Acute Myocardial Infarction

Written by Brindles Lee Macon and Winnie Yu | Published on August 16, 2012
Medically Reviewed by George Krucik, MD

Overview

In the movies, the man struck by a heart attack clutches his chest and falls to the ground. In reality, a heart attack may be as subtle as discomfort in the upper body. Acute myocardial infarction, the medical name for a heart attack, refers to a heart condition that is caused when the blood circulation or flow is abruptly cut off from the heart. The break in circulation lasts long enough to cause tissue damage or death.

What Causes Acute Myocardial Infarction?

Your heart is the main organ in your cardiovascular system, which includes different types of blood vessels. Some of the most important vessels in your body are the coronary arteries. They take blood, rich in oxygen, to every location in your body. When arteries become blocked or restricted by buildup, they can cause blood flow to stop or decrease significantly. Several factors may cause a heart attack:

Bad Cholesterol

Bad cholesterol, also called low-density lipoprotein (LDL), is one of the leading problems that cause blockage. Cholesterol is a colorless substance found in the food you eat as well as produced naturally in your body. Not all cholesterol is bad, but LDL cholesterol can stick to the walls of your arteries and produce plaque. Plaque is a hard matter that blocks blood flow in the arteries. Blood platelets, which help blood to clot, may stick to the plaque and build up over time.

Saturated Fats

Saturated fats (found mostly in meat) may contribute to the buildup of plaque in the coronary arteries. Saturated fat may lead to acute myocardial infarction by increasing the amount of bad cholesterol in your blood system and reducing your good HDL (high-density lipoprotein) cholesterol.

Trans Fat

Another type of fat that contributes to clogged arteries is trans fat. This type of fatty substance is found in meat and certain oils. It may decrease your good cholesterol levels and increase the bad.

Who Is at Risk for Acute Myocardial Infarction?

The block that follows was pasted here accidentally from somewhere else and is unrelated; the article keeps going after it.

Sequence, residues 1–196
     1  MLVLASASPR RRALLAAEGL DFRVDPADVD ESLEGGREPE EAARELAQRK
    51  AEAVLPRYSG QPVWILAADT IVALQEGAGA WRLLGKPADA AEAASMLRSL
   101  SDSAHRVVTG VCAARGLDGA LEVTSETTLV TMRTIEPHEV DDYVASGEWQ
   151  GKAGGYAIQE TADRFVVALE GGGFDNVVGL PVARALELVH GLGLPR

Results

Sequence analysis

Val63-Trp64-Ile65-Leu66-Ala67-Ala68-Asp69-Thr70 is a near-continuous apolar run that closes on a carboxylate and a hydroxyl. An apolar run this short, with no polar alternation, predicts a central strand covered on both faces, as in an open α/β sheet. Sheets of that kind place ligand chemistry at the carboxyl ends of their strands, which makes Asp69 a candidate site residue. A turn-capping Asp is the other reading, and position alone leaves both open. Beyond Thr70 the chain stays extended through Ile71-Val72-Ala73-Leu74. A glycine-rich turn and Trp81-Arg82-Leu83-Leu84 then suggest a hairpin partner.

Certain risk factors may make you susceptible for heart attack.

High Blood Pressure

Your doctor may be concerned if you have high blood pressure. Normal blood pressure is below 120/80 mm Hg (millimeters of mercury). As the numbers increase, so does your risk for heart problems.

High Triglyceride and Cholesterol

Having elevated cholesterol levels puts you at risk for acute myocardial infarction. If you have high cholesterol in your blood, you may want to find ways to lower it.

Triglycerides are a type of fat that clog up your arteries. This fatty substance is found in food. After you eat, triglycerides travel through your blood until it is stored in your body. Generally, it is stored in your fat cells. Some of it may stay in your arteries and cause problems with your heart.

Obesity

Being overweight may increase your chances for a heart attack.

Diabetes or High Blood Sugar

Diabetes raises blood sugar levels, which may damage blood vessels and nerves. The damage may cause coronary heart disease, a serious health condition that can trigger heart attacks in some people.

Smoking

Smoking tobacco products increases your risk for heart attack. It may also lead to other cardiovascular conditions and disease.

Other risk factors include not exercising, eating an unhealthy diet and being under too much stress.

Recognizing the Signs of an Acute Myocardial Infarction

The symptoms of heart attack are:

  • anxiety
  • cough
  • dizziness
  • fast heart rate
  • heaviness in or across the chest
  • pain in the chest, back, jaw, and other areas of the upper body
  • shortness of breath
  • sweating
  • vomiting

Diagnosing a Heart Attack

If your doctor suspects you had a heart attack, he or she may run several tests to make a correct diagnosis. The doctor may listen to your heart to check for irregularities in the way it sounds and how fast it beats. He or she may take your blood pressure to see if it is higher than it should be.

Other diagnostic methods include:

  • troponin test – to check for heart damage
  • electrocardiogram – to measure the heart’s electrical activity
  • stress test – to check how your heart reacts to certain situations, such as exercise

Treating Acute Myocardial Infarction

Most treatments begin in the emergency room since heart attacks require immediate treatment. A procedure called angioplasty may be used to unblock the arteries upon arriving in the emergency room. Blood thinners may be given to dissolve or break up the blood clots in the arteries.

What Is to Be Expected in the Long Term?

Getting well after a heart attack depends on the extent of damage to your heart’s muscle and how quickly you receive immediately emergency care. The sooner you are treated, the more likely you are to recover. You may be required to take medications and undergo a cardiac rehab program to learn healthy lifestyle strategies and slowly regain your strength.

Prevention

You can help reduce your chances of acute myocardial infarction by eating foods low in LDL cholesterol and reducing your fat intake. Exercise several times a week to improve your cardiovascular health. However, speak with a doctor prior to going on any exercise plan. If you smoke, consider quitting. It can improve your heart and lung health as well.

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